So far, we can’t actually use the ceph cluster to store any object data. For most environments, we’d want to allocate one or more block devices per physical node, and use those to back a set of bluestore OSDs. Adding a block device to minikube is non-trivial, unfortunately, so we’ll have to settle for an OSD that is backed by a directory on a filesystem on the node. In the toolbox shell, create a /osd.json file with contents like this and use the orchestrator cli command to feed it to rook.
minikube# cat /osd.json
{
     "host_pattern": "minikube",
     "data_directories": [ "/data/rook" ]
}
minikube# ceph orchestrator osd create -i /osd.json
The command should return immediately, and the operator will eventually create the backing store for the OSD in /data/rook, and then spin up the OSD daemon in a new pod. If you are running on a cluster that does have block devices allocated for use, then the rook operator should index them when it starts up. They should show up in “device ls”.
minikube# Host node1.example.com:
   Device Path           Type       Size    Rotates  Available Model          
   sda                    hdd      18.6G      False      False    
   sdb                    hdd      20.0G      False      False
Here, we know that /dev/sdb is the device we want backing this OSD, so we create a json file this, and feed it to the orchestrator:
minikube# cat /osd.json
{
     "host_pattern": "node1.example.com",
     "data_devices": { "paths": [ "sdb" ] },
}
# ceph orchestrator osd create -i /osd.json
In either case, the command should return immediately and within a couple of minutes or so we should see “ceph status” reporting an “up” OSD .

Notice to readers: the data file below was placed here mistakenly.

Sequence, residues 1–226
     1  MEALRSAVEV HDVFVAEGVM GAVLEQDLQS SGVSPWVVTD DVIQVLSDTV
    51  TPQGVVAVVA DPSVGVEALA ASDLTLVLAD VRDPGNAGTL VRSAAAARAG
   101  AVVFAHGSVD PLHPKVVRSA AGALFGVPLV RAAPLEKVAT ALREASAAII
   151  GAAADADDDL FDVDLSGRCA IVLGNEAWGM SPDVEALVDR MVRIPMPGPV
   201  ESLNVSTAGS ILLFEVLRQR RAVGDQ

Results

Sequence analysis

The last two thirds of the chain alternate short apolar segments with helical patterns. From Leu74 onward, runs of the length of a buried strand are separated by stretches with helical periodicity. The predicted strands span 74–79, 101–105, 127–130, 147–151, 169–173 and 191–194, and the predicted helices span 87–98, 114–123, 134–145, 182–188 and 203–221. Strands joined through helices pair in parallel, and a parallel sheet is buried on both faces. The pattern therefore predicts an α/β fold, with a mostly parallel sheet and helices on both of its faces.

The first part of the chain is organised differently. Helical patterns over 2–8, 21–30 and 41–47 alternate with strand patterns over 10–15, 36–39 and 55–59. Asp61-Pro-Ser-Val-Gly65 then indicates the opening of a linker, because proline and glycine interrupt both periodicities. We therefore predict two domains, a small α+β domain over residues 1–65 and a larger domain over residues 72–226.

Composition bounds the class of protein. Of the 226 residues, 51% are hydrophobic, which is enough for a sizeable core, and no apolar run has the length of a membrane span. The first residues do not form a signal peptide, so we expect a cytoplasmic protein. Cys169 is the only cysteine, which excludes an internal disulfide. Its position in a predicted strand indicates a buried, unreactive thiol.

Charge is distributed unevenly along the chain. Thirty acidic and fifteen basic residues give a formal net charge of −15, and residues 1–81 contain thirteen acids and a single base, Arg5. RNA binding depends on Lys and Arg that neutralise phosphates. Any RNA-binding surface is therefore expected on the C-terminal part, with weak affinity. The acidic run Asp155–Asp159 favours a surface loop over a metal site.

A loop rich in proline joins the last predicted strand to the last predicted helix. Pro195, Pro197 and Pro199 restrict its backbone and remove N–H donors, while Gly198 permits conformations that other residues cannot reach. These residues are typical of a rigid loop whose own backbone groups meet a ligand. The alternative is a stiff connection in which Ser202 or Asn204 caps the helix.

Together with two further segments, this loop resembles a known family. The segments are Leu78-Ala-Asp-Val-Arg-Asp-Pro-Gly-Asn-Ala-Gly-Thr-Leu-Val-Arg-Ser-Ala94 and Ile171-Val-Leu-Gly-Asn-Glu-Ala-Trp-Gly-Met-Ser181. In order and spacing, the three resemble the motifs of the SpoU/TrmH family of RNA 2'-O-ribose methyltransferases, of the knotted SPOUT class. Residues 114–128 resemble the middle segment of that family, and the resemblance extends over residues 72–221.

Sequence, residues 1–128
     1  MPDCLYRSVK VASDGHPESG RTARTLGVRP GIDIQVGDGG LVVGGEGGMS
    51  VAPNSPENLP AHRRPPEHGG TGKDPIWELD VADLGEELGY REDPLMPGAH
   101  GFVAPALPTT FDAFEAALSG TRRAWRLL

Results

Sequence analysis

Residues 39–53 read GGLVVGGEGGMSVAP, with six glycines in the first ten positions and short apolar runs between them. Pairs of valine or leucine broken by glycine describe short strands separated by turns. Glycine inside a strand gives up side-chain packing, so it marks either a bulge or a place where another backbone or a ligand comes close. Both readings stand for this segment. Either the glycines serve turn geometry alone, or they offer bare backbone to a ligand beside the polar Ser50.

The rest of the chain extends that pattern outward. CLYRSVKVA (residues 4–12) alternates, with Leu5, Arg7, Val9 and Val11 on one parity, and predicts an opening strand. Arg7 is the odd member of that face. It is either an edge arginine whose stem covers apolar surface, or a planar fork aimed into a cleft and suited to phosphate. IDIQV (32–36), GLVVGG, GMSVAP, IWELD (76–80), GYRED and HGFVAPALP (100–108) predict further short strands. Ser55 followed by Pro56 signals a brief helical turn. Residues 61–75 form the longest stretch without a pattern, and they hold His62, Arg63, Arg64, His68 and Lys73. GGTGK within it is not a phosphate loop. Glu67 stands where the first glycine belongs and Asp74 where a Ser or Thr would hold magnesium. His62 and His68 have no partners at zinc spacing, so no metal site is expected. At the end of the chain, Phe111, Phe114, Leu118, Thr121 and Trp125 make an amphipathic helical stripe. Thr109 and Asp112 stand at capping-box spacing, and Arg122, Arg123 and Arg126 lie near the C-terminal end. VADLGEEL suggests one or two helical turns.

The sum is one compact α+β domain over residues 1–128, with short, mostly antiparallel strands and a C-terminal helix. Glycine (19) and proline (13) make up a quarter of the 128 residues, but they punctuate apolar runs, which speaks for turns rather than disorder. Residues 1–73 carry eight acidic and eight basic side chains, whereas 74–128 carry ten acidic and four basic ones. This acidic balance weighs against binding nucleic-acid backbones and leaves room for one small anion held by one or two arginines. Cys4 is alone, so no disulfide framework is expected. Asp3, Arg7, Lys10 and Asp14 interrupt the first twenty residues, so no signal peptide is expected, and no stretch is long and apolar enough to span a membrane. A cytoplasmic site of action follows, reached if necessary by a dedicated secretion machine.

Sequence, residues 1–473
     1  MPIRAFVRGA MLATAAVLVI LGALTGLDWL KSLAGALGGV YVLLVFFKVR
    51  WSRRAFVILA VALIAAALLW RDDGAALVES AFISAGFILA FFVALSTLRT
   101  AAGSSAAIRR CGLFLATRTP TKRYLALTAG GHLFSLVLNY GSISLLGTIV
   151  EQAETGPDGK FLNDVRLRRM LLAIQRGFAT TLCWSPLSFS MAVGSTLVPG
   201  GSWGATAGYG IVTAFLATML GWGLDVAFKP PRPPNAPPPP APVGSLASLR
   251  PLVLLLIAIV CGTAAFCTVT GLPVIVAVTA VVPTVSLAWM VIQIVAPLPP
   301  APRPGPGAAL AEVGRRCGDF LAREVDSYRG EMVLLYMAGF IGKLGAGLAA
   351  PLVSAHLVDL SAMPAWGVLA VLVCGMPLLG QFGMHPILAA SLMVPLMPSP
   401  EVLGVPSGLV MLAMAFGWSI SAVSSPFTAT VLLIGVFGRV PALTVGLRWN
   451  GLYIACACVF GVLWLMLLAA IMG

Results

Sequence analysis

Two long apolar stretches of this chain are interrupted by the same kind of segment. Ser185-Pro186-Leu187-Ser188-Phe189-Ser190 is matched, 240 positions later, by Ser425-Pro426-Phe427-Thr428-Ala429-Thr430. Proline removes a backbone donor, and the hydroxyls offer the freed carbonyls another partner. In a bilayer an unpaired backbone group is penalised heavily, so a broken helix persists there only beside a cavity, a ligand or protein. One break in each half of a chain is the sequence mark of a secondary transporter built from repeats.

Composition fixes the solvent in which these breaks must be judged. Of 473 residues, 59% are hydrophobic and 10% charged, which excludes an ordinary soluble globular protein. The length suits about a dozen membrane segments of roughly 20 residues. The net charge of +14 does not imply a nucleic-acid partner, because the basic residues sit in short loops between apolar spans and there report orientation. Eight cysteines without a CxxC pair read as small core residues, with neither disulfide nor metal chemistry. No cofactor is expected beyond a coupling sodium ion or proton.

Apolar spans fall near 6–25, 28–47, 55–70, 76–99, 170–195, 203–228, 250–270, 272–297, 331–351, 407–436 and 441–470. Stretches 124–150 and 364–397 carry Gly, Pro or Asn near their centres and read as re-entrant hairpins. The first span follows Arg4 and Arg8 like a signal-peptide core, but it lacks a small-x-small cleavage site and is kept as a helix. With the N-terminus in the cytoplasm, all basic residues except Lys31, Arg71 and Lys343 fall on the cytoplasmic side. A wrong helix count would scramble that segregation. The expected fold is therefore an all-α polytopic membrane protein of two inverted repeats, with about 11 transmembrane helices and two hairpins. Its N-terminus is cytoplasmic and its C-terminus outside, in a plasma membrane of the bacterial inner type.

Create a CephFS Filesystem

We have backing storage now. Let’s layer a CephFS distributed filesystem on top. The ceph-mgr has a “volumes” module that makes this simple. We’ll call this one myfs:
minikube# ceph fs volume create myfs
The default is to create 2 MDS daemons — one active and one standby-replay. After a few seconds, we should see the mds service show up in “ceph status” on the toolbox container:
minikube# ceph status
...
services:
     mon: 3 daemons, quorum a,b,c (age 91m)
     mgr: a(active, since 89m)
     mds: myfs:1 {0=myfs-b=up:active} 1 up:standby-replay
     osd: 1 osds: 1 up (since 88m), 1 in (since 88m)
...

Add an NFS Server Cluster

Now let’s create a cluster of NFS servers that we can use to export our new CephFS filesystem. A new clustered recovery backend was recently added to nfs-ganesha, and the rook orchestrator knows how to configure the nfs-ganesha daemons to use it so that they coordinate recovery to prevent recovery conflicts when they are restarted. The nfs-ganesha daemons needs little bit of storage for their own purposes, and can store that info directly in RADOS. The disparate nfs-ganesha daemons also use those objects to communicate with one another. Let’s give ganesha its own pool called “nfs-ganesha” with 64 placement groups:
minikube# ceph osd pool create nfs-ganesha 64
pool 'nfs-ganesha' created
Once this returns, we can spin up an nfs-ganesha container:
minikube# ceph orchestrator nfs add mynfs nfs-ganesha mynfs
This creates a new NFS server cluster called “mynfs” that uses the mynfs namespace in the nfs-ganesha pool to store information that it uses for recovery. It only has a single server node currently, so let’s scale out with a second node.
minikube# ceph orchestrator nfs update mynfs 2
The operator should then spin up a second nfs-ganesha container, in the same NFS server cluster as the first.

Make Ceph Dashboard Reachable

The NFS servers are not terribly useful yet, as they don’t have any exports configured. The ceph dashboard can create export configuration blocks for us, but it’s currently only accessible via its backend API. We’ll have to feed it some more JSON, but first we need to make it accessible from our workstation. When rook spins up the ceph-mgr containers, it creates a service for the dashboard, but the initial type is a ClusterIP service, which means that it is only reachable from other pods in the same kubernetes cluster. We need to expose the port to the outside world. There are a number of ways to do this, but the kubectl patch command allows us to do this in one line. In the workstation shell:
[jlayton@workstation ~]$ kubectl patch service -n rook-ceph -p '{"spec":{"type": "NodePort"}}' rook-ceph-mgr-dashboard